Conversion disorder is a condition in which a person has blindness, paralysis, or other nervous system (neurologic) symptoms that cannot be explained by medical evaluation.
Causes, incidence, and risk factors
Conversion disorder symptoms may occur because of a psychological conflict.
Symptoms usually begin suddenly after a stressful experience. People are more at risk for a conversion disorder if they also have a medical illness, dissociative disorder, or a personality disorder.
It is important to understand that patients are not making up their symptoms (malingering). Some doctors falsely believe that conversion disorder is not a real condition, and may tell patients the problem is all in their head. However, these conditions are real. They cause distress and cannot be turned on and off at will.
The physical symptoms are thought to be an attempt to resolve the conflict the person feels inside. For example, a woman who believes it is not acceptable to have violent feelings may suddenly feel numbness in her arms after becoming so angry that she wanted to hit someone. Instead of allowing herself to have violent thoughts about hitting someone, she may experience the physical symptom of numbness in her arms.
Symptoms of a conversion disorder include the loss of one or more bodily functions, such as:
- Inability to speak
Diagnostic testing does not find any physical cause for the symptoms.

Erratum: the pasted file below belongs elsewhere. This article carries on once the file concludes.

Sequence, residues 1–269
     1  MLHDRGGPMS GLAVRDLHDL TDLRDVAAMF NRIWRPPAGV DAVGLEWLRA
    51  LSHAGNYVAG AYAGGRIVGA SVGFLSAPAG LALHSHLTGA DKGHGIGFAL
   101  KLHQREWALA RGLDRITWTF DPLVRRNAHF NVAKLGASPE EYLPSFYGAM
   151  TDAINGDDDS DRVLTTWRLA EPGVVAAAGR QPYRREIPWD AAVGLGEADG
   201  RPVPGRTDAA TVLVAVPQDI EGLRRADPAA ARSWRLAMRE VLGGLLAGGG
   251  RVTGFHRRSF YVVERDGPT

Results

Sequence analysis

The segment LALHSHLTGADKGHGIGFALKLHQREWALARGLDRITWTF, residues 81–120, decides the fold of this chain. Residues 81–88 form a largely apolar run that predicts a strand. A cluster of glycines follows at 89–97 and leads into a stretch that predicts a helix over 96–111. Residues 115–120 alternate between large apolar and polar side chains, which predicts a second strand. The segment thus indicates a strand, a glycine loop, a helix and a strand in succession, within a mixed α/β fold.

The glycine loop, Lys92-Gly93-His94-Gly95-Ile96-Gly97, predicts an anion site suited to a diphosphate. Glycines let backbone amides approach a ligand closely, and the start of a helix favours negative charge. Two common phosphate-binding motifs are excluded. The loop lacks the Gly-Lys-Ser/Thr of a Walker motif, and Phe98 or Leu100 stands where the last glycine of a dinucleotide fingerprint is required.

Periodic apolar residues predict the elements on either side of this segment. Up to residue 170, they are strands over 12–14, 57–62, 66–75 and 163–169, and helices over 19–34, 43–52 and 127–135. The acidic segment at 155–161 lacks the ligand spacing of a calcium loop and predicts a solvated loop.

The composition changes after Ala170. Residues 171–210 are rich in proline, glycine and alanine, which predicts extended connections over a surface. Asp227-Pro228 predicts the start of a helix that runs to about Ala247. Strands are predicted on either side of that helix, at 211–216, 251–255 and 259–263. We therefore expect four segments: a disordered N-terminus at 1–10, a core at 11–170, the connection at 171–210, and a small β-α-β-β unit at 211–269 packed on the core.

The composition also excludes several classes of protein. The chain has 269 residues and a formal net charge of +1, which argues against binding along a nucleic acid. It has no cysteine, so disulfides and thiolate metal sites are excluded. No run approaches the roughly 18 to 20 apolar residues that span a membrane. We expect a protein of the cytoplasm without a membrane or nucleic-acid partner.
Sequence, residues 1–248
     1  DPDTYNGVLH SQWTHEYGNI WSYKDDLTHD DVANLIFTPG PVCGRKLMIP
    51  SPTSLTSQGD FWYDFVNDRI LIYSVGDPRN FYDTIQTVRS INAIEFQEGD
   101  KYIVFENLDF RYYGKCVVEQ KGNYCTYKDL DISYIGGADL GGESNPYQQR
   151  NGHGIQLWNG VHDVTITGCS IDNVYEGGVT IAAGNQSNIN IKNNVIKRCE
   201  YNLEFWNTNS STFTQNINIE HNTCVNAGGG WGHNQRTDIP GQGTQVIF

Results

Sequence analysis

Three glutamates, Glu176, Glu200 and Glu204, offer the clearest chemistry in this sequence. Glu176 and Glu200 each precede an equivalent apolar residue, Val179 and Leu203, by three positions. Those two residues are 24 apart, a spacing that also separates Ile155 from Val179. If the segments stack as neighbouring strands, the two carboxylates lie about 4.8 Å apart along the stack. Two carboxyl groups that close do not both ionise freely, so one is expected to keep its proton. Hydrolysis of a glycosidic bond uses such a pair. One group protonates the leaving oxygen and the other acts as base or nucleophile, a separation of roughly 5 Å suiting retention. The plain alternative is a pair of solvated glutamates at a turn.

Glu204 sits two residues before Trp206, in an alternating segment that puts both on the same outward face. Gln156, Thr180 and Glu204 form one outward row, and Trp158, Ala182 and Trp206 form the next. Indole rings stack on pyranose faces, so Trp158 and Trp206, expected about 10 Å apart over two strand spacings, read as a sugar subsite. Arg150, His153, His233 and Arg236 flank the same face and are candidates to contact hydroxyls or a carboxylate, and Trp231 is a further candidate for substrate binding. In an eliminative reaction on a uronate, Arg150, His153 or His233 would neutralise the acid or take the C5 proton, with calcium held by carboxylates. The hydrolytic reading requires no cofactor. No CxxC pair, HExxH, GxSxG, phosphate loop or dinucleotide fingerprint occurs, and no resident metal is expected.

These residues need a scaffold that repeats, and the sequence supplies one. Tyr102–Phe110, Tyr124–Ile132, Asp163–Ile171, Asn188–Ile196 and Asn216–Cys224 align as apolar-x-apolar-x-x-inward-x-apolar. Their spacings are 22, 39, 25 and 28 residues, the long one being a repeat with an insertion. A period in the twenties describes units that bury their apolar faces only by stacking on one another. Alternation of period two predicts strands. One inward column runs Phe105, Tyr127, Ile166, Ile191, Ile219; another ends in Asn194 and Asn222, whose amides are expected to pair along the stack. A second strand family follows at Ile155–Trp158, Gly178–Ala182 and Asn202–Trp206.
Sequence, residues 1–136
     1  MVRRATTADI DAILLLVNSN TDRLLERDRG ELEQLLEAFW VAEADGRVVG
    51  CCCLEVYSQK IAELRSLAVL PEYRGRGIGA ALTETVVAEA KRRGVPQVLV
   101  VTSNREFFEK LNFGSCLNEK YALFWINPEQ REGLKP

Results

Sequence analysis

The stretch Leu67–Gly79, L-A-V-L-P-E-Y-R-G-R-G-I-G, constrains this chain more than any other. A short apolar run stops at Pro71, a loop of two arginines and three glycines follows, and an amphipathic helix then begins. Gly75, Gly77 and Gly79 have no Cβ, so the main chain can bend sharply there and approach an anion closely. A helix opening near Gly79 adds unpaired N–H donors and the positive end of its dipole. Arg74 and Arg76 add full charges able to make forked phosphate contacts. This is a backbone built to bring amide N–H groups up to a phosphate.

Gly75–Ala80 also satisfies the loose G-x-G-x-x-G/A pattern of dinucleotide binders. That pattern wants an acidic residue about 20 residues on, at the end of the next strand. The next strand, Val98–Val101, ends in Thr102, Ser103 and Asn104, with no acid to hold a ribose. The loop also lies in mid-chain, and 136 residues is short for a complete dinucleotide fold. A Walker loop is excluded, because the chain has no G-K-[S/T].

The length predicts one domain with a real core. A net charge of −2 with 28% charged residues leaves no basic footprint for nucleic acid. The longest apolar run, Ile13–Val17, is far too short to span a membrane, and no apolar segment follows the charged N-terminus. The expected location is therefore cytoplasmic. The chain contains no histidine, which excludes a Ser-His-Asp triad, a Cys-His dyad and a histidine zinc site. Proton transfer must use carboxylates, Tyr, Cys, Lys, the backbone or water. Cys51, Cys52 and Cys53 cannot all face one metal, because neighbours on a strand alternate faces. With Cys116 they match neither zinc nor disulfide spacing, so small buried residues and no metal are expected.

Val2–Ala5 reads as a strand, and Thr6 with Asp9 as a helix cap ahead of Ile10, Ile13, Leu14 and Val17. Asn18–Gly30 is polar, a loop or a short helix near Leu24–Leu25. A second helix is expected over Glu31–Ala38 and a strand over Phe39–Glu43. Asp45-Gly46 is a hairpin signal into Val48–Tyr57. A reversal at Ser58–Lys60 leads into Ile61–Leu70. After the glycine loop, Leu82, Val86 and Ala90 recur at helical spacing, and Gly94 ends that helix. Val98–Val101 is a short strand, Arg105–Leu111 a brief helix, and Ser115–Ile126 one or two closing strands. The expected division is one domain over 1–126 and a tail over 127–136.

Signs and tests
Common signs of conversion disorder include:
- A debilitating symptom that begins suddenly
- A history of a psychological problem that gets better after the symptom appears
- A lack of concern that usually occurs with a severe symptom
Your doctor will do a physical examination, and possibly diagnostic tests, to rule out physical causes for the symptom.
Talk therapy (psychotherapy) and stress management training may help reduce symptoms.
The affected body part or physical function will need physical or occupational therapy until the symptoms disappear. For example, paralyzed limbs must be exercised to prevent muscle wasting.
Symptoms usually last for days to weeks and may suddenly go away. Usually the symptom itself is not life threatening, but complications can be debilitating.
Calling your health care provider
Call for an appointment with your health care provider if you or someone you know has symptoms of a conversion disorder.
Blais MA, Smallwood P, Groves JE, Rivas-Vazquez RA. Personality and personality disorders. In: Stern TA, Rosenbaum JF, Fava M, Biederman J, Rauch SL, eds. Massachusetts General Hospital Comprehensive Clinical Psychiatry. 1st ed. Philadelphia, Pa: Mosby Elsevier; 2008:chap 39.
Reviewed By: Linda Vorvick, MD, Medical Director, MEDEX Northwest Division of Physician Assistant Studies, University of Washington School of Medicine; and Michelle Benger Merrill, MD, Instructor in Clinical Psychiatry, Department of Psychiatry, Columbia University Medical Center, New York, NY. Also reviewed by David Zieve, MD, MHA, Medical Director, A.D.A.M., Inc.